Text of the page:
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Proof of a composite repair concept for aeronautical structures: a simplified method

Abstract : This paper provides an illustration of all stages of primary aeronautical composite structure repair by using industrial tools and scientific methodologies, as well as numerical tools to simplify the cross-over analysis of the mechanical behaviour of the repaired area. Economically and scientifically speaking, one of the main challenges of composite repair (for monolithic long fiber composite parts) consists of promoting a bonded composite patch option without additional riveted doublers. To address this challenge, size reduction of the patch could be mandatory. A patent (jointly owned by ICA, Bayab Industries and CES), entitled “Method for repairing a wall consisting of a plurality of layers”, is devoted to reducing repair patch dimensions of monolithic composite parts provided the bonding zone has a stepped-lap geometry. This patent is based on a simple idea that no overlapping length is required between composite plies for load transfer except in the fiber directions of the plies (unidirectional or biaxial long fiber reinforcements with epoxy matrix). To prove this concept, we consider on one hand, a situation unusual in the literature by studying a composite specimen without fibers aligned along the main loading axis, and on the other hand, a classical situation of where the shape of the specimen is adapted to be studied by uniaxial tension tests. After different manufacturing steps, the studied specimen contains three zones representing both the influence of the total thickness of a repair patch, the stepped-lap area assembled with an adhesive film and the parent composite part. Basically, a simple parent structure consisting of 16 plies of UD Hexply® M21/35%/268/T700GC (close to Airbus composite raw materials on board in A380) is manufactured with a stacking sequence of [+45/−45/−45/+45/+45/−45/−45/+45]s. Then, the parent structure is machined by the Airbus Abrasive Water Jet machine and the final repair area has a stepped-lap geometry by overlapping successive plies of the same nature as the parent plate and after having previously applied an adhesive film (cured at 180 °C). Furthermore, 3 values of overlap length (respectively, 6, 8 and 13 mm) are investigated to include the mean value required by Airbus in the case of the use of the studied prepreg. After abrasive water jet machining of the composite parent part, repair patch manufacturing was performed according to Airbus requirements. The studied specimens were cut from the final plate (involving the parent plate, the stepped lap zone and the zone of the patch itself) and tested in an uniaxial tensile configuration with a loading direction shifted 45° with respect to the fiber direction. Furthermore, studying uniaxial tensile tests on multilayer-pasted interface is innovative in the literature. In this paper, it is shown that the stepped-lap area assembled with an adhesive film is not the weak link of the mechanical response but rather the parent area, i.e. the unrepaired monolithic composite. Numerical calculations confirm this proof of concept by underlying that the level of shear stress in the adhesive film, for these three overlapping values, is below the chosen limit value. These results show that the patch size reduction is possible.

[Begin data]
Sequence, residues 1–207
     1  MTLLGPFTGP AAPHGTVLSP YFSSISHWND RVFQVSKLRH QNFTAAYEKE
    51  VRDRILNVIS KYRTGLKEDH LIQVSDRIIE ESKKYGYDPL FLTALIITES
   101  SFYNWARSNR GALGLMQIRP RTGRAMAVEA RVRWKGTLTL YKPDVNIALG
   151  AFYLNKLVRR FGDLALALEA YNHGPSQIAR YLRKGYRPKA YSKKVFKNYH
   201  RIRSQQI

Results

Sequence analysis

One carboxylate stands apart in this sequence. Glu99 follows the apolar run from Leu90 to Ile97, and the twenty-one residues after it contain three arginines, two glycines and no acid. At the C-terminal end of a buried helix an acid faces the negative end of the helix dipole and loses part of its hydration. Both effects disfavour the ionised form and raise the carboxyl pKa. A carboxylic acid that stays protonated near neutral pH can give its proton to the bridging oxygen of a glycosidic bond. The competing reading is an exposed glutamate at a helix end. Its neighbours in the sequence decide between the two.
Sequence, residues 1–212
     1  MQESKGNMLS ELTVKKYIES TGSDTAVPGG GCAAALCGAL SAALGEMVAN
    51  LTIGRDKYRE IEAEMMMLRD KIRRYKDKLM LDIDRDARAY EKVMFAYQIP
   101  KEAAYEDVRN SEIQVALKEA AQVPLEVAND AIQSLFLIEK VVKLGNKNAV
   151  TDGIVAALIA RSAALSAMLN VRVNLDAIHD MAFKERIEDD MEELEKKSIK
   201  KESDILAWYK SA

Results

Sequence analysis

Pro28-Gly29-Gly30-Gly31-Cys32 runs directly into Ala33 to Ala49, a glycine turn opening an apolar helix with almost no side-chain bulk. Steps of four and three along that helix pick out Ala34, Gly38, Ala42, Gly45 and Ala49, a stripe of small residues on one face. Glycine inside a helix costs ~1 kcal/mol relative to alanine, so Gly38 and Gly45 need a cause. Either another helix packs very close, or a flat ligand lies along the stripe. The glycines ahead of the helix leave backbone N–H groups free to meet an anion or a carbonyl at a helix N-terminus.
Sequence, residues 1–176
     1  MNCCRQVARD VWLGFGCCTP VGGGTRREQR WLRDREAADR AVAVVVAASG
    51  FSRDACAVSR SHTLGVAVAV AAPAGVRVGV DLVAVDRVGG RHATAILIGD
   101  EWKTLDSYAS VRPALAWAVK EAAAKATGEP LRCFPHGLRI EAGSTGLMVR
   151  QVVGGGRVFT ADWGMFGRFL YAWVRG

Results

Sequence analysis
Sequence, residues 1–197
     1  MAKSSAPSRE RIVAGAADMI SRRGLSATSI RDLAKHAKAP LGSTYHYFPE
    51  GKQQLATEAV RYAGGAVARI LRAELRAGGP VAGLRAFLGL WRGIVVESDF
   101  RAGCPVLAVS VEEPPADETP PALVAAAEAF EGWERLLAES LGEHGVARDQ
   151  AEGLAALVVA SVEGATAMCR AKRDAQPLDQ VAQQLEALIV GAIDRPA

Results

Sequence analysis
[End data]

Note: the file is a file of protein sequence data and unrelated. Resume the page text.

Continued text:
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Submitted on : Thursday, July 30, 2020 - 9:22:17 PM
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Francis Collombet, Yves Davila, Sergio Avila, Alexander Morales, Laurent Crouzeix, et al.. Proof of a composite repair concept for aeronautical structures: a simplified method. Mechanics & Industry, EDP Sciences, 2019, 20 (8), pp.812. ⟨10.1051/meca/2020056⟩. ⟨hal-02909687⟩



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